I love to read and write fantasy stories, so it’s no surprise that I have one published. For me, the best fantasy comes from playing the “What if?” game. As a true romantic, I always want a happy ending, so when I heard about a horrible practice in ancient times, I had to write the tale where this terrible event would take place and then end happily.
The custom I read about was this: On the eve of her wedding, every woman had to sit by the side of the road and offer herself to the first man who came along. This took place, I think, in the area of Greece. I can’t remember if the “victorious” man had to make an offering to the local temple, but I do know that many such customs sacrifice women to the benefit of someone else. So I put that financial spin in my story.
So this tidbit stuck in my head and I had to do something with it. I could hardly make it a contemporary story. I don’t write historical. So, that’s the beauty of fantasy. You make up your own world with its own rules and then you spin the tale within them. It’s fun for a writer, and hopefully for the reader as well.
This fantasy takes place in the future, on a far distant planet. Galatea wears the Star Necklace for one year, the sign of her countrywomen’s faith in her ability to improve their lives. But tonight her virginity is being auctioned in an important religious ceremony. She must do her duty – but Ronan, an off-planet warrior appears, determined to save her though his own life may be forfeit in the attempt.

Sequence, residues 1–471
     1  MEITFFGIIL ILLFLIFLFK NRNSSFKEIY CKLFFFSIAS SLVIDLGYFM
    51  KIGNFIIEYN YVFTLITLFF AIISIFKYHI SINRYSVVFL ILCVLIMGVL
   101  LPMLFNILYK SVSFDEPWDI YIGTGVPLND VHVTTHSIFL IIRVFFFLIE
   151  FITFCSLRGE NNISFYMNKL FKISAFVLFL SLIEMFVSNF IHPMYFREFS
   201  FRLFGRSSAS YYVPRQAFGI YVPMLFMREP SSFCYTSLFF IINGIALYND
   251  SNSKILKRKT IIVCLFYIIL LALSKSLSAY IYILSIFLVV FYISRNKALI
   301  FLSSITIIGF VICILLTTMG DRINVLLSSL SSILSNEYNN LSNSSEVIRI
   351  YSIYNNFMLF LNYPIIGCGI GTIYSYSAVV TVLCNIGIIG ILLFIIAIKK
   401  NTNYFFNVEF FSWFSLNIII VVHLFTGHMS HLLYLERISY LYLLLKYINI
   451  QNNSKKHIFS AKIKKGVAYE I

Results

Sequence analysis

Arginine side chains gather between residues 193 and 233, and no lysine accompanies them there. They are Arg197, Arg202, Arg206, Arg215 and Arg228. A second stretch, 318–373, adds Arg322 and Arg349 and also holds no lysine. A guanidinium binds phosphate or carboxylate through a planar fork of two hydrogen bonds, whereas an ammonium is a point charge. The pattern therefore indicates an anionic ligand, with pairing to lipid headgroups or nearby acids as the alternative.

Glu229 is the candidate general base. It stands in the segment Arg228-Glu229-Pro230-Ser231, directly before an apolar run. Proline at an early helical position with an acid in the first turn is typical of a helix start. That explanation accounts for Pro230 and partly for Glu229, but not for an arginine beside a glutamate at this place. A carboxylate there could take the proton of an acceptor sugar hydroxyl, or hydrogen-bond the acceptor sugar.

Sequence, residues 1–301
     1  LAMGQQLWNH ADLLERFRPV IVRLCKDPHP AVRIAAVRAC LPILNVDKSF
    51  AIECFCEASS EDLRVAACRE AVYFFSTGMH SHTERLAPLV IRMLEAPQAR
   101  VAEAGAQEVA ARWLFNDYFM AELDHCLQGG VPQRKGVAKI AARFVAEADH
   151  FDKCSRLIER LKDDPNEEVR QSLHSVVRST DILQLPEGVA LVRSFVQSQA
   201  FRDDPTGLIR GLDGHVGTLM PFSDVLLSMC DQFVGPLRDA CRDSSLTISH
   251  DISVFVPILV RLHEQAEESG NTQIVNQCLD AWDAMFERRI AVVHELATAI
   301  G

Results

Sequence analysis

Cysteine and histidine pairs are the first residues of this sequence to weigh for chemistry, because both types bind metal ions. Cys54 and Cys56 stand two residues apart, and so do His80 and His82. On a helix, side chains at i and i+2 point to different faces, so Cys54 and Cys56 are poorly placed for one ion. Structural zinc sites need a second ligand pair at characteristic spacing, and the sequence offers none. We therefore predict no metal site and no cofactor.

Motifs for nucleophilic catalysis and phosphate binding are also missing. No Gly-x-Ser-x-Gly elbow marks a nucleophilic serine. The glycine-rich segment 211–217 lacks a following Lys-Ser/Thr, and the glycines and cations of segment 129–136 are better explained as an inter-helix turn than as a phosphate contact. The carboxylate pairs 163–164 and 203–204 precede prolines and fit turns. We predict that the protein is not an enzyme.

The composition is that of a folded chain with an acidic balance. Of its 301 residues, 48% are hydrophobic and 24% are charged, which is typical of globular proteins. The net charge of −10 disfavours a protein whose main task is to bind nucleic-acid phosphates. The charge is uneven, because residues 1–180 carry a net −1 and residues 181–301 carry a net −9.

Here’s an excerpt from The Star Necklace:
Galatea’s heart leapt in her breast—with fear, with incredulity, with an emotion she couldn’t name. Standing on the dais in the midst of pandemonium, she fought to remain calm and to silence this unknown emotion quivering deep within her. She’d tried to accept the idea of Sheckel winning, of feeling his thin, seeking body assaulting her tonight.
But this fortune offered by Ronan, the Otherlander, simply defied comprehension. What game did he play, one man alone in a hostile land? She’d seen the intelligence in his eyes and the wariness in his every move. But apparently he didn’t know the fate most Otherlanders suffered on this planet.
Certainly, the Temple priests would never let him have her. As much as his bid represented a fortune they wouldn’t let slip away, his life would be forfeit.
As if he’d heard her thoughts, Sheckel leapt to his feet.
“Seize the Otherlander! He doesn’t have ten thousand marks. He mocks our sacred rite!”
Galatea’s heart froze with the certainty that Sheckel was right. No one had that much money.
She braved a glance at her bidder. He looked calm but tense, his mouth an unyielding slash in his granite jaw. He’d shaved his beard and the strong lines of his face showed a stark beauty like that of a nighttime thunderstorm. Unknowable, uncontrollable, but electrifying in a heart-stopping way. His gray eyes watched coldly as half a dozen armed men approached him.
The guards hesitated, none wanting to be first to lay a hand on him.
The Otherlander’s lips curved up toward his hard eyes, carving his face in a mockery of a smile. Slowly, he withdrew his hand from his pocket and opened it.
Ten round coins gleamed blackly in his palm, their smoothly shiny surfaces giving no hint of the power they represented. The number one thousand winked in silver splendor on the face of each coin. He flexed his hand and a rainbow hologram danced across each number, decorating his palm with color.
A long sigh swept through the audience. Virtually none of them had ever seen a one thousand mark coin, and the fortune represented by ten of them seemed incalculable.
“Is Galatea mine for the night?” Ronan’s strong voice rolled through the hall like a thunderbolt from the heavens.
“Seize him!” Sheckel called out again, a thin note of desperation snaking through his voice. He raised his arm in command. “Seize the Otherlander!”